I am honoured you’ve asked me to comment, but really, it is up to you to work out your own style for public engagement – polemic, polote, polite but sly, ruthless criticism of everything that exists, and any other number of performative routines.
Whatever the case, late night advice may need a spoonful of salt if you really want it to be taken seriously…
Anyway, I reckon that maybe there are several different ways to tackle this.
Probably good is to say something like:
What I found most interesting about x’s presentation is the way they have reworked concepts of xx to show that x = b.
this gives you a chance to reorder what they have done so as to talk about what you want to talk about, but while still seeming to summarize their key points.
Then say something like:
Of course some people might disagree for the following reasons – a, b and c…list them, in detail… which basically allows you to smash their case, without seeming to have taken sides (good skill to develop I suppose, but sometimes a bit mealy-mouthed when outright hostility is more honest – ah well). Actually, no, that is mean. What you should endeavor to do is to pick apart the argument and material, then stick it back together and return it to the speaker as a reinvigorated project. Saying something like, the implications here are x, y an z – and this was alwyas implicit in x’s presentation.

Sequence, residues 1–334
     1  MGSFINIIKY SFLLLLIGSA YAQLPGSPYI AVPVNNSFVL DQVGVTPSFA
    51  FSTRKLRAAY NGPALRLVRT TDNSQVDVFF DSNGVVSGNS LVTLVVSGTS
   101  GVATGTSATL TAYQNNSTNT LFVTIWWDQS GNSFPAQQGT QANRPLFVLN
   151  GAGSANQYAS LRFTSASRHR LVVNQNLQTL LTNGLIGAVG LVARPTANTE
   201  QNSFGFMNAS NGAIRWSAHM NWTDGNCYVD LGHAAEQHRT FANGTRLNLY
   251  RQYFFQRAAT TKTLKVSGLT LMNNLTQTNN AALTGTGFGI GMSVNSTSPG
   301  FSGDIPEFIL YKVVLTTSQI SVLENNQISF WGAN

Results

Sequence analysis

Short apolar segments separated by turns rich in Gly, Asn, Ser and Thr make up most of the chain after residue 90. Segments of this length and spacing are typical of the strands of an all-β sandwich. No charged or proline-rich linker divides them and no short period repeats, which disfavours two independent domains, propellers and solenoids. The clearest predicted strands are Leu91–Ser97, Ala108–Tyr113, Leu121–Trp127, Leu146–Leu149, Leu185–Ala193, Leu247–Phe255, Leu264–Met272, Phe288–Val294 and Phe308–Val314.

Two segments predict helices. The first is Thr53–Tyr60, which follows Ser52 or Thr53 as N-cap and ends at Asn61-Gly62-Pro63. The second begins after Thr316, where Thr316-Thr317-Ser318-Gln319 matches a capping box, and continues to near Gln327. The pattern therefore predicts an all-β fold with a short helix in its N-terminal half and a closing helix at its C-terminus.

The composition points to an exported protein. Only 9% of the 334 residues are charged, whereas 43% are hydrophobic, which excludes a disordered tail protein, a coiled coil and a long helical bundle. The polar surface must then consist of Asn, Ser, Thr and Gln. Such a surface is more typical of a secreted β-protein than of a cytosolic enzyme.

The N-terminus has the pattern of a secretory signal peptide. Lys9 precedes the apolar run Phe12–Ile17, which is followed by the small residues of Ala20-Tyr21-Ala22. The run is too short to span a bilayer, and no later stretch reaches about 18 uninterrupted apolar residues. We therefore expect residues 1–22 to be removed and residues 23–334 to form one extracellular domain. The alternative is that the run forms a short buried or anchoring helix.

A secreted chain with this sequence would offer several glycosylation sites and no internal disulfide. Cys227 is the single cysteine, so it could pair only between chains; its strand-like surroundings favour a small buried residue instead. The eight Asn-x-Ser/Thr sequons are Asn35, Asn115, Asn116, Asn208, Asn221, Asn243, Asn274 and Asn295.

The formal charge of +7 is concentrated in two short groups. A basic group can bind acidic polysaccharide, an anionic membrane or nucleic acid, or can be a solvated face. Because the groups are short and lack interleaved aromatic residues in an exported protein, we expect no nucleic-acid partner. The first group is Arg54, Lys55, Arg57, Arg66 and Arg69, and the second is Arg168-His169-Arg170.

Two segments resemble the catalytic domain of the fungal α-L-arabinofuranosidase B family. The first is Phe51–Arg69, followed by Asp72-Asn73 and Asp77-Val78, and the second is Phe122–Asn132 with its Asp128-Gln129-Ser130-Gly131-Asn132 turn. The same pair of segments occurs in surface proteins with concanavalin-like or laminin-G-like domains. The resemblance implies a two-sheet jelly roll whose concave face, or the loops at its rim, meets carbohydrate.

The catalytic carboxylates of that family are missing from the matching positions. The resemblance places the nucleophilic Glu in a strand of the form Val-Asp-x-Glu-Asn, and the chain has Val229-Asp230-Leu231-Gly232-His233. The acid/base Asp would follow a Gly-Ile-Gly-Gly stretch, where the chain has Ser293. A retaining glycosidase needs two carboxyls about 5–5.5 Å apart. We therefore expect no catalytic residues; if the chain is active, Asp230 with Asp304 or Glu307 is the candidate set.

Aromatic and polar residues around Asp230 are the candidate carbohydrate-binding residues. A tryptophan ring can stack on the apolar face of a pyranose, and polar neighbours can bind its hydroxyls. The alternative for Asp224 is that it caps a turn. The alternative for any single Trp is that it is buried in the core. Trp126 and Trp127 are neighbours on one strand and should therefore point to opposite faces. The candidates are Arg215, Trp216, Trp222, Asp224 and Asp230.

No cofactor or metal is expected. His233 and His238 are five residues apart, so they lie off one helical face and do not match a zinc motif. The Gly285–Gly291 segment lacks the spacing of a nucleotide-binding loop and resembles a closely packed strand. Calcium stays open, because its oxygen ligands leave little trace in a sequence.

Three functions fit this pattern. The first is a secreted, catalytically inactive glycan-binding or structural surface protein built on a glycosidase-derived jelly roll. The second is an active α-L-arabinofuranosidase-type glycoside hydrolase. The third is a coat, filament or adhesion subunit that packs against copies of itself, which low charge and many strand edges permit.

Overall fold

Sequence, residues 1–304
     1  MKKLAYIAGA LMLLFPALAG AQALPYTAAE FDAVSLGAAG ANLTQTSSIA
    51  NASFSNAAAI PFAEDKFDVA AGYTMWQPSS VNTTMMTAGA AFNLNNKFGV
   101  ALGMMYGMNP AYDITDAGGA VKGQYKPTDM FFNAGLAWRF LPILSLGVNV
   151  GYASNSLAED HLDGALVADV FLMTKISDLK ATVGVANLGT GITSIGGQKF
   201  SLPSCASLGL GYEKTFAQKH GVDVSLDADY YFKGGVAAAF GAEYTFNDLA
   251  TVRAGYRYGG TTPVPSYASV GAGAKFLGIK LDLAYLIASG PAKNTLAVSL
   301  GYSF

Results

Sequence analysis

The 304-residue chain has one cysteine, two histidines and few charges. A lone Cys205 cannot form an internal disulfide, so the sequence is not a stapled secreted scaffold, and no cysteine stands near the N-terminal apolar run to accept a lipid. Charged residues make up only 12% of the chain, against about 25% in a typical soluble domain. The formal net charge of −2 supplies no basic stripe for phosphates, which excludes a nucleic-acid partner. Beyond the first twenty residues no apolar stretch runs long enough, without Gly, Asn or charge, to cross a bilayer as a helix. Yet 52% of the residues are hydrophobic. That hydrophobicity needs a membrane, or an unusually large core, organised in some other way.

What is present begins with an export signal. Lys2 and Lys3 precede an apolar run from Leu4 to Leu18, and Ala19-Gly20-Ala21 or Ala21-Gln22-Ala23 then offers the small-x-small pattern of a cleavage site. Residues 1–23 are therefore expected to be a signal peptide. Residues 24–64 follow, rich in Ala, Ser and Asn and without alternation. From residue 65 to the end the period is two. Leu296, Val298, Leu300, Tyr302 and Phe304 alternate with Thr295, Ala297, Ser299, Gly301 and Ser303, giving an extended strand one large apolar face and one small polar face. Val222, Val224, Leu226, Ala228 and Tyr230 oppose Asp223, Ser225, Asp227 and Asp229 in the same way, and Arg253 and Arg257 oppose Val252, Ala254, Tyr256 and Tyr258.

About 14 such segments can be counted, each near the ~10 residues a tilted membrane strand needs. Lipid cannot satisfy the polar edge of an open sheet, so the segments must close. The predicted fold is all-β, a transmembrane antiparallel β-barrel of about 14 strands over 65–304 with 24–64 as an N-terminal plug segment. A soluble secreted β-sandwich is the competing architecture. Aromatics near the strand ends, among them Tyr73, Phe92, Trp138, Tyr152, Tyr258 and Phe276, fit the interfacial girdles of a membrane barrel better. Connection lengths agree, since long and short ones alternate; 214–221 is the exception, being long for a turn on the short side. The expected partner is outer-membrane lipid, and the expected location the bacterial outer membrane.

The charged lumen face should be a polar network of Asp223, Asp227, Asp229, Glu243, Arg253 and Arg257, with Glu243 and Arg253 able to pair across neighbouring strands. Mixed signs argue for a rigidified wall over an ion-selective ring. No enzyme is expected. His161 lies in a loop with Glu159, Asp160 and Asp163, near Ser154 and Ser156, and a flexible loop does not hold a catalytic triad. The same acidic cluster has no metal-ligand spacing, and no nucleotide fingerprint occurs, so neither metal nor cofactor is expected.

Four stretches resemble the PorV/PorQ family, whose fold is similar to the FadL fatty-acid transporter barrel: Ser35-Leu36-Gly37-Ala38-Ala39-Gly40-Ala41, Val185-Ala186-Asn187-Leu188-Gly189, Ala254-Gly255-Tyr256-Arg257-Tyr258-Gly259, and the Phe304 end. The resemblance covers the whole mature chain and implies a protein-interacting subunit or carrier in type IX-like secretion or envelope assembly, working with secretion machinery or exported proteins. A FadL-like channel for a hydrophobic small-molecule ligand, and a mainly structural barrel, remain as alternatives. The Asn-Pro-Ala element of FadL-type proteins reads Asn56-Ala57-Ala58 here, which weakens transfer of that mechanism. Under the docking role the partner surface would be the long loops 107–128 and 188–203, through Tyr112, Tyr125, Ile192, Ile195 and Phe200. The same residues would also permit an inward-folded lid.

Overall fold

Then you should leave the audience in no doubt how the something not discussed, or implications not drawn, or assumptions made are, in fact, they key issue at stake – ie, what you are interested in, not what was ostensibly the topic, and it is this which should be the focus of the subsequent discussion.
Then you should come back to the speaker and compliment them for raising such pressing issues, and hope that the discussion of these, as you have set them out, is fruitful.
Or you could just talk generally on what you found interesting. That can meander, but so long as you have a planned start and a distinct end – rather than wittering on more speckled hen warbling than decisive conclusion – and make sure you end. Don’t end with an empty phrase. Just say, …and I think I’ll stop there.
If there are no questions, you then pull out your most popular assertion and ask that as first question,
Sometimes people are too smashed to talk much and it will feel like a damp squib. But when it works, and people feel able to raise questions and join in, well then, viva criticism self-criticism.